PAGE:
Humans are the only Earthlings with complex language. But at what cost was that ability acquired? In this episode, I visit Tetsuro Matsuzawa to learn about his influential cognitive tradeoff hypothesis.
Psychology. Neuroscience. Drugs. All can be tools of interrogation. In this episode, an expert shows me how to coerce unsuspecting subjects into signing false confessions; a police psychologist questions me about my personal life after I am injected with a truth serum; and I match wits against a new brainwave-reading lie-detection method developed at Northwestern University.Watch Now:Amazon
Do psychedelic drugs really bring about self-healing and personal enlightenment? New research says they may. In this episode, I travel to the Amazonian jungle of Peru to experience the mind-expanding effects of the psychedelic brew Ayahuasca. I’m joined by Imperial College London’s Head of Psychedelic Research, Dr. Robin Carhart-Harris, who measures the impact of Ayahuasca on my brain.Watch Now:Amazon
If we send messages to outer space, what should they say? And how should they be written? Should we even attempt to make contact with whatever (or whoever) might be out there at all?
What makes you, you? If even the most basic parts of you, like your memories or your past, can be forgotten or manipulated, how can you know ever really know who “you” are? In this episode of Mind Field I look at how well Do You Know Yourself?Watch Now:Amazon
If I could live forever, should I? How does being reminded of our own mortality affect us psychologically? In this episode I speak with mortician and death positivity activist Caitlin Doughty and visit a cryonics facility trying to extend human life indefinitely. Will I take them up on their offer, or will I choose to die?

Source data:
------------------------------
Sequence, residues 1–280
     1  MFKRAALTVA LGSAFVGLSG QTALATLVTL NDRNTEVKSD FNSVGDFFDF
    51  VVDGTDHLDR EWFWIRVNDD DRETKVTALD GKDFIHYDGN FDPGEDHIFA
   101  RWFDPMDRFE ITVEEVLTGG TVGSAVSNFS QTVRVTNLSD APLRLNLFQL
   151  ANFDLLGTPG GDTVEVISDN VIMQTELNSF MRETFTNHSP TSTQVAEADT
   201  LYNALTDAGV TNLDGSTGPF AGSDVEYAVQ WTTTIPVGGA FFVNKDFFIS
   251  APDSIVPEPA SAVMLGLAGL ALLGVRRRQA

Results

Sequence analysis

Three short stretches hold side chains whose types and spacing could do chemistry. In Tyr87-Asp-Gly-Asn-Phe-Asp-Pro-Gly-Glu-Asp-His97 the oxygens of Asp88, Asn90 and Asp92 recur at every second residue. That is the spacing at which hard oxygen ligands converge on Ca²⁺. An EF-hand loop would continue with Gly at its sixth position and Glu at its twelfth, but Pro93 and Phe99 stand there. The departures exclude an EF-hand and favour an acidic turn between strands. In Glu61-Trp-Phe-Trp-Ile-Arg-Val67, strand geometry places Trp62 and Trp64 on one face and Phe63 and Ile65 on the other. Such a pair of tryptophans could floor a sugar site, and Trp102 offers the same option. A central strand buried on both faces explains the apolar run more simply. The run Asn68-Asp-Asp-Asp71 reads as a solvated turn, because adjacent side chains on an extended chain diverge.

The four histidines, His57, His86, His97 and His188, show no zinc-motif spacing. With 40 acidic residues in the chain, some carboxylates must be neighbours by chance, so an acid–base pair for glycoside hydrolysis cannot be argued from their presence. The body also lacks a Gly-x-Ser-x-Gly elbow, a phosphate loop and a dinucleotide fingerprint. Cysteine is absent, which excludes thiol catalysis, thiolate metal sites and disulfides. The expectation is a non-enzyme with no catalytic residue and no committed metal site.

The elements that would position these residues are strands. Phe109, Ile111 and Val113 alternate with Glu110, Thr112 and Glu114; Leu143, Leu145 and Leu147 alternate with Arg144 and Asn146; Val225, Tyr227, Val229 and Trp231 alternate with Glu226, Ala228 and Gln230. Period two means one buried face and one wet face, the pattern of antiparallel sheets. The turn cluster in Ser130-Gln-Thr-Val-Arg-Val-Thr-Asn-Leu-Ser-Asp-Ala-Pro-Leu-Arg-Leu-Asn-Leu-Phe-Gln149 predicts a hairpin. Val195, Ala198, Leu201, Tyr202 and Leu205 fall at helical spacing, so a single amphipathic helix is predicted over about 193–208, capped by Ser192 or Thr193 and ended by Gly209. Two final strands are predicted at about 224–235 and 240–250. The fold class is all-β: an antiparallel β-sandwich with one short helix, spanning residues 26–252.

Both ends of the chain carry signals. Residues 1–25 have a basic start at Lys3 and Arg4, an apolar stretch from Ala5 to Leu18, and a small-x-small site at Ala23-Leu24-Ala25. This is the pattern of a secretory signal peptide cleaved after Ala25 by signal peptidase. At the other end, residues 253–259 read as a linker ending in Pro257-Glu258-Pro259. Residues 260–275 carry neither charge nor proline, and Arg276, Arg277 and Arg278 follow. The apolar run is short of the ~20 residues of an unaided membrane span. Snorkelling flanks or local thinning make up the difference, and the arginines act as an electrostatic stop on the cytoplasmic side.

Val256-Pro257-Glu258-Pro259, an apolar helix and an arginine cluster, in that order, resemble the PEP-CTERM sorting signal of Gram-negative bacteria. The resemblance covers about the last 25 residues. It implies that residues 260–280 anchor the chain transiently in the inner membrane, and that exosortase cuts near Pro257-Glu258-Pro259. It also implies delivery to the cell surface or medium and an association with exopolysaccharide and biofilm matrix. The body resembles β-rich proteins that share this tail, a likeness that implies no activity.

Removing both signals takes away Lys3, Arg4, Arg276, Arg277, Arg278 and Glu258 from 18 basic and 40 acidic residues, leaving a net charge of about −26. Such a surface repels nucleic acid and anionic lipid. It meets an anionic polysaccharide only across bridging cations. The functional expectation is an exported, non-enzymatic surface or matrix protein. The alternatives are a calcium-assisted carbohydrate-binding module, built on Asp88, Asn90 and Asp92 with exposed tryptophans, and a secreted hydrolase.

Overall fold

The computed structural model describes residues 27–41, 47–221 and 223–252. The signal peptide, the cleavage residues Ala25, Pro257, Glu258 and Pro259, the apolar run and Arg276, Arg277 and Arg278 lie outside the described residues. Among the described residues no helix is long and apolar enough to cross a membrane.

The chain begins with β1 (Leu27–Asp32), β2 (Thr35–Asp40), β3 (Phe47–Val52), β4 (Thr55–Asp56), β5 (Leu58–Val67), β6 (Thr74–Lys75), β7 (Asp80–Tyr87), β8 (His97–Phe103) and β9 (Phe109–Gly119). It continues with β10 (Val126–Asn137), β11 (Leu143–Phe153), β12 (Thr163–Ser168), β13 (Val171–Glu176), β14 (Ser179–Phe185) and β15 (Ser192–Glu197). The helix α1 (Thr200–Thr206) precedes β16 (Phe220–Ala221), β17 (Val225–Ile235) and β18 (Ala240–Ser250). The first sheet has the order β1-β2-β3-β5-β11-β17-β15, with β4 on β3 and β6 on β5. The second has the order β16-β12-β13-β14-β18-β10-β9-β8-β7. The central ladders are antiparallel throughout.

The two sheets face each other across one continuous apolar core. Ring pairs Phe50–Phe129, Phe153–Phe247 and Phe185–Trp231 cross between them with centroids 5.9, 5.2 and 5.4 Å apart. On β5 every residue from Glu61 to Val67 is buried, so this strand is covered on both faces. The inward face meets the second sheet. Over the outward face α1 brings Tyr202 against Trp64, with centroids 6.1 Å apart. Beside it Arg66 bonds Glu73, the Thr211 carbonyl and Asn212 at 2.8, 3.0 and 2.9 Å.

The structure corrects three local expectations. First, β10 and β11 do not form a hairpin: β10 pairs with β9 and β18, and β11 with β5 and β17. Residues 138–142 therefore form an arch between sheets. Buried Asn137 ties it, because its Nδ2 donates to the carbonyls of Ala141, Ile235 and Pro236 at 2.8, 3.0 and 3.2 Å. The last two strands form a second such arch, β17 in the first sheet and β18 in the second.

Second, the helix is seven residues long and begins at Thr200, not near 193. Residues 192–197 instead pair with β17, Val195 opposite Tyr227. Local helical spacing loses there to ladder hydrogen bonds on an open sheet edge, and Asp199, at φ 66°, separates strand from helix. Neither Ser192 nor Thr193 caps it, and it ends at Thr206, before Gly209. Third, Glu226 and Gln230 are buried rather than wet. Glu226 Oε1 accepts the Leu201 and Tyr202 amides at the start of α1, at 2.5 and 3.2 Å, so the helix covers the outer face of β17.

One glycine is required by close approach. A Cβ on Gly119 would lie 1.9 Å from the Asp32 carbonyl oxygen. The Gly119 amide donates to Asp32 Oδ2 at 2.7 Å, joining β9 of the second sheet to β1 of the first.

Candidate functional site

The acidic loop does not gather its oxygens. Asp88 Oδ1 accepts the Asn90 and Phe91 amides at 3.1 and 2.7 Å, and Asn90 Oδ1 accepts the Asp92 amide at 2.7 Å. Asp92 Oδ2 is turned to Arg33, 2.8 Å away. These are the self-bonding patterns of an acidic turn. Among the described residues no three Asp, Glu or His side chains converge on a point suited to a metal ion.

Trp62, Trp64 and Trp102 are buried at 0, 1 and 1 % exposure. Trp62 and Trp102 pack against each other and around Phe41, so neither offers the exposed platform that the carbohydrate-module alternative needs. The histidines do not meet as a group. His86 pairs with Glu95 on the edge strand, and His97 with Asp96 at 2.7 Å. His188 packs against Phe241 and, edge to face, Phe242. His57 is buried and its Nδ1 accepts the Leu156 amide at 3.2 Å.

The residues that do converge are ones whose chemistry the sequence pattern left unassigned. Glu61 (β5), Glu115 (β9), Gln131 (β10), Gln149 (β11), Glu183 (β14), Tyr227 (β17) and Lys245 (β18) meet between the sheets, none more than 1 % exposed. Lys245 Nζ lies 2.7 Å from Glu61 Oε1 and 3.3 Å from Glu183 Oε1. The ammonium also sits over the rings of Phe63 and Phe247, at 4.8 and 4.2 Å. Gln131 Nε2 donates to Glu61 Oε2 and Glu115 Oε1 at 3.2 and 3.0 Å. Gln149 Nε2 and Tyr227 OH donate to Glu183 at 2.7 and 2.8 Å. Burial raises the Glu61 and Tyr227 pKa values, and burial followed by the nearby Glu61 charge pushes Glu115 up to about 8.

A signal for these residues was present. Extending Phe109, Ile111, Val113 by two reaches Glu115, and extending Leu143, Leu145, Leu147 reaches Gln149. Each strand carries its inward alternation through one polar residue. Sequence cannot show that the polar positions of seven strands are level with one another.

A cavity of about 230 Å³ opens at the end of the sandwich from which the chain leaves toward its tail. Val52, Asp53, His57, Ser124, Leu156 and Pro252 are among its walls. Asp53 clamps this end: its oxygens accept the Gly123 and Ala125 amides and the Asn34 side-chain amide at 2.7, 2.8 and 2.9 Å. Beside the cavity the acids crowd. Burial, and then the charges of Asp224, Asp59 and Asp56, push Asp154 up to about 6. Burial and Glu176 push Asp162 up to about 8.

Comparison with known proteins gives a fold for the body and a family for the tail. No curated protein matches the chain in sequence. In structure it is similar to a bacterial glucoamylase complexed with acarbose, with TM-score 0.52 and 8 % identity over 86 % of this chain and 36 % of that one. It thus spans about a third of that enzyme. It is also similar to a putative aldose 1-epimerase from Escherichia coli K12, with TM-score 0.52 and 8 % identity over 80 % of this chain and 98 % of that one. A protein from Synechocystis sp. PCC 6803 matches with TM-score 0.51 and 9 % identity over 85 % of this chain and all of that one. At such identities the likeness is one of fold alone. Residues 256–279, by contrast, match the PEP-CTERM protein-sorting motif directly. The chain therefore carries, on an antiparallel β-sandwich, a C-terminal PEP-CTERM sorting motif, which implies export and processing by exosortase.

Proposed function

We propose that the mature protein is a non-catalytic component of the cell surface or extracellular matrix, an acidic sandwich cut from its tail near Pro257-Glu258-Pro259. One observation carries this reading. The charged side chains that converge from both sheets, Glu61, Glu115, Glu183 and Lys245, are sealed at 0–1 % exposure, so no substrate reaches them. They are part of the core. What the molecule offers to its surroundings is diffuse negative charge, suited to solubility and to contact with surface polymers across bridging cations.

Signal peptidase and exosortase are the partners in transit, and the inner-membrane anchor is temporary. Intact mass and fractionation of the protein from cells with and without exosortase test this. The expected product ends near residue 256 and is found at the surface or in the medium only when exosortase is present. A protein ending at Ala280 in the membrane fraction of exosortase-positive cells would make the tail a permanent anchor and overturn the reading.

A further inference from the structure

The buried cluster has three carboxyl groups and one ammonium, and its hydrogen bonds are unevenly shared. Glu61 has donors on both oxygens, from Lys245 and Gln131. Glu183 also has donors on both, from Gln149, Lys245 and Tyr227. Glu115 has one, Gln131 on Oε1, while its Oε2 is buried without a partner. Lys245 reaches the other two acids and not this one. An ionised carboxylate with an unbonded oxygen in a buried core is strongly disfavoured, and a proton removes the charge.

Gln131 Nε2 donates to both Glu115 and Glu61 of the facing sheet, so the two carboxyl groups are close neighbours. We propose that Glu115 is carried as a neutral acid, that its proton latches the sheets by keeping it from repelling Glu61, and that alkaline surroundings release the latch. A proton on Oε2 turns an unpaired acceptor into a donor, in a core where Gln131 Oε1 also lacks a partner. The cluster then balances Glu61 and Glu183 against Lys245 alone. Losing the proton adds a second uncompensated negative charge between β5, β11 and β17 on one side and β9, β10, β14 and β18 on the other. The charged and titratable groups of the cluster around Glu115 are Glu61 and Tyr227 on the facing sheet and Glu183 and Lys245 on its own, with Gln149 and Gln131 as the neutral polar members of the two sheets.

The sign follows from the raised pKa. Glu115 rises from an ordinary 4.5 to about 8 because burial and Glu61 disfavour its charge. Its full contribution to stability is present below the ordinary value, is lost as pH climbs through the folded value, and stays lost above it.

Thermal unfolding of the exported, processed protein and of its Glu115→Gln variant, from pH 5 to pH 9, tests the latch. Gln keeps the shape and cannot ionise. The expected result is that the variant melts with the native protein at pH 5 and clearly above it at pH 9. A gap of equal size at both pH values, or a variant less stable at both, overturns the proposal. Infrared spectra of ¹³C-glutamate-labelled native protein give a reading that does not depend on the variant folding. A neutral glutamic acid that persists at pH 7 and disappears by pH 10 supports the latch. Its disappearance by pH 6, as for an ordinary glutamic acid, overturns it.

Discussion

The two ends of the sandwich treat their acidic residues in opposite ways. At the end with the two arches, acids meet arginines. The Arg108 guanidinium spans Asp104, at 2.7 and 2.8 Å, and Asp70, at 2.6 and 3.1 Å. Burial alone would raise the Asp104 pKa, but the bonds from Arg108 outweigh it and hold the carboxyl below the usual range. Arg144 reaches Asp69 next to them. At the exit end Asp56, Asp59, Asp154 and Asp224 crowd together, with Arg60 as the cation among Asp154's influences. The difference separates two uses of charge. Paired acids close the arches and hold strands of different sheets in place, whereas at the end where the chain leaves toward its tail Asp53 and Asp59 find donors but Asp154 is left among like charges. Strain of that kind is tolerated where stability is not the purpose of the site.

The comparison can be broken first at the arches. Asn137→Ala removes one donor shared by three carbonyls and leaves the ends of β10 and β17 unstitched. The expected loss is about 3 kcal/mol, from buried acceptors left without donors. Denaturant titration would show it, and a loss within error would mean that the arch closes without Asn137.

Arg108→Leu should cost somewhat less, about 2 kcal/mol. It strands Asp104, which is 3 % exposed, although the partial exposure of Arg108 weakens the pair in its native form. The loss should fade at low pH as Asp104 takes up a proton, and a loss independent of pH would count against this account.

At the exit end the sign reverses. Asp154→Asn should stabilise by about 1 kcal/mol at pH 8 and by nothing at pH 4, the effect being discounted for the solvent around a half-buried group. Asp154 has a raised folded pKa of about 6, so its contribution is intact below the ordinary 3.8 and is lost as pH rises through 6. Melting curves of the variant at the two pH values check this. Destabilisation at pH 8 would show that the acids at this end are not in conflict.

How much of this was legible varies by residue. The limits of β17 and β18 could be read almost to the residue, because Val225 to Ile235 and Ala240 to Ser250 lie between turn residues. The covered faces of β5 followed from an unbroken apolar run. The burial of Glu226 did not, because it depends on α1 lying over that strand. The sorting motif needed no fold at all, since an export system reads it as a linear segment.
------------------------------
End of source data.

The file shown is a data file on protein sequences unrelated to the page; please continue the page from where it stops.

We may value having Freedom of Choice, but are we actually happier when we have limited choices...or even no choice at all? Do we truly have control over our decisions, or are they really predetermined by other forces? My fellow YouTubers and I have our minds read by a “box” that reveals who - or what - is really calling the shots.Watch Now:Amazon
We are all unique individuals. We follow the beat of our own drum. We wouldn’t throw our own beliefs out the window just to fit in...or would we? In this episode of Mind Field, I demonstrate the strong, human urge to conform, and just how far people will go to fall in with the crowd.Watch Now:Amazon
Does mind reading freak you out? I knew you’d say that. On this episode, I’ll explore the science behind real-life mind reading. I’ll visit a researcher who will attempt to reconstruct images from my memory, and travel to Japan to meet with a scientist who is - for the first time ever – predicting the content of peoples’ dreams.Watch Now:Amazon
How are our moral decisions influenced by factors we’re not aware of? A phenomenon known as Moral Licensing claims that when we do something good, we often subconsciously allow ourselves to then do something bad. In this episode, I take a look at whether those who donate money to charity become more likely to let a kid take the blame for a crime they know they committed.
Normal people can become monsters, given the right situation. That’s the standard narrative of the Stanford Prison Experiment, one of the most famous psychological experiments of all time. But what if the cause of its participants’ cruel behavior wasn’t what we’ve always been told?
So you say you love your computer or smartphone...but can it love you back? As we become more dependent on technology, and our technology becomes more lifelike, where does the line between human and computer lie? And what happens when our relationships become romantic? In this episode of Mind Field, I look into Artificial Intelligence.Watch Now:Amazon
How can a lie become true? In this episode, Dr. Aaron Blaisdell and I create a game show that is actually a giant “human Skinner Box” to observe the formation of superstitious beliefs. And Dr. Samuel Veissière helps me design and perform a placebo reverse exorcism, harnessing the power of belief in both science and religion to convince normal people that a spirit has possessed their bodies.Watch Now:Amazon
We humans love to build, create, and organize. So why do we also love to destroy things? Can violently breaking stuff really help to calm us down, or does it just make us more angry? In this episode of Mind Field, I take a hard look at our urge to destroy.Watch Now:Amazon